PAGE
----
NEW YORK (TheStreet) –- Investors looking for growth and value in 2015, a year poised to start with stocks near historic highs, may find them in Rite Aid (RAD) , Nokia (NOK) and Sirius XM (SIRI) , all of which are trading under $10 and have favorable business outlooks.
Investors will undoubtedly look for fresh opportunities for growth and value in 2015 after such heady returns. To that end, Rite Aid, Nokia and Sirius XM are three stocks to keep an eye on. Take a look at the chart.
Aside from trading under $10, they offer the sort of diversification conservative investors love, given that they're in three different sectors. Another advantage the stocks share are potential tailwinds that aren't currently factored into their prices.
Rite Aid, the nation's third-largest pharmacy retailer, has had a remarkable year, posting 2014 gains of close to 50%. Investors have made a lot of money. But they also remember that shares were up as much as 60% in the first half of the year. Chances are, Rite Aid, which has a high analyst 12-month price target of $8.50 (12.4% premium), will have another strong first half in 2015 thanks to its own promotional efforts and external factors like Obamacare.
The company is growing its profits margins, which should boost earnings. To better compete with CVS Health (CVS) and Walgreen's (WAG) , Rite Aid has invested in marketing and promotional activities which have begun to pay off.
In the most recent quarter, the company reported a 5.4% jump in same-store sales growth, which means Rite Aid is getting more customers into its stores. And they're spending more, too. Its third-quarter profits were 10 cents a share, doubling analysts' estimate of 5 cents per share.
For 2015, the stock should reach $9 on the basis of margin expansion and growing profits. Coupled with the company's growth in generic prescription drugs, and benefits from the Affordable Care Act, Rite Aid may surprise by raising guidance a couple of times next year, meaning $9.50, or a 25% premium to the current share price, might be attainable.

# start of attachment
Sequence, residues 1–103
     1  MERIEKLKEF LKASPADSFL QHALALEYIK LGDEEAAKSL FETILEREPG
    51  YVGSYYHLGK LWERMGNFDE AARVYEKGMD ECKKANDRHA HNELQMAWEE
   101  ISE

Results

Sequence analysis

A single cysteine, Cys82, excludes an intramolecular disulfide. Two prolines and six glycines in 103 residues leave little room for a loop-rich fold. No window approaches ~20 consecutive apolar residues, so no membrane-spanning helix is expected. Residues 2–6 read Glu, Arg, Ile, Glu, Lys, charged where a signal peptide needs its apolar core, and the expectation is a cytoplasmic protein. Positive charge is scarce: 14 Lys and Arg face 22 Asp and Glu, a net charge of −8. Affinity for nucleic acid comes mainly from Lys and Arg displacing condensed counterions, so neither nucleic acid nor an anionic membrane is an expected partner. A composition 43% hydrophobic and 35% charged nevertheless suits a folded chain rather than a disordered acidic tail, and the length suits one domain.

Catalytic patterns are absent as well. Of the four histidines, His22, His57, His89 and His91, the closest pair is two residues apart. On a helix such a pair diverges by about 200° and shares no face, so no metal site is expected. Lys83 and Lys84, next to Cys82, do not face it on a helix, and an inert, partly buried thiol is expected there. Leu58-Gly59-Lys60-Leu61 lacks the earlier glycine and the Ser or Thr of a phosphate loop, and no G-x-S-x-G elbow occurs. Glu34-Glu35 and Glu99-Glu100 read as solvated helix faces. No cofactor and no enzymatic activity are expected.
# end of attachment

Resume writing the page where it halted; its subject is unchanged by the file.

Next on the list is Nokia, which has been a relative disappointment in 2014, posting gains of just 2.65%. At around $7.97 a share, the stock is cheap, not just on price but also valuation.
Nokia is trading at just 10 times trailing earnings, which is more than half the average valuation of companies in the S&P 500, where the average P/E is over 21.
Still, over the last three years, Nokia shares are up 60%. And in 2015, those gains are likely to continue.
After selling its handset business to Microsoft (MSFT) in 2013, Nokia is no longer competing with Apple (AAPL) in smartphones, meaning it is no longer burning through cash trying to compete for a market it could never win.
By focusing more on services and not hardware, Nokia has been able to grow cash each quarter, and now has a net cash position of more than $6 billion. That means Nokia can now become more aggressive and attack new markets.
Nokia, which has a high analyst 12-month price target of $13 (63% premium), has a more attractive business, and its yield of 1.88% raises its investment profile.
Last but not least is Sirius XM, which is up just 1% on the year -- not what investors expected after gains of almost 500% in the last five years.
Though revenue has climbed close to 12% in 2014, the company's earnings haven't been enough to support a higher stock price. But that can change, boosted by strong auto sales, which Sirius needs in order to continue growing its satellite radio subscribers.
According to J.D. Power and Associates, auto sales are expected to climb in 2015, reaching 13.83 million -- the highest level in a decade. And when including fleet vehicles, rental car companies and vehicles sold to corporation and government agencies, industry experts believe sales can rise as high as 17 million next year.
All of this bodes well for Sirius, which has a median analyst 12-month price target of $4.30, suggesting gains of 22%, while its high analyst target of $5 would mean gains of 41%.
With the stock trading at just $3.53, Sirius is poised to rebound in 2015. But what's going to drive the shares higher is how well Sirius can turn its subscribers into profit-producers by getting them to pay more to help grow its bottom line.
This article represents the opinion of a contributor and not necessarily that of TheStreet or its editorial staff.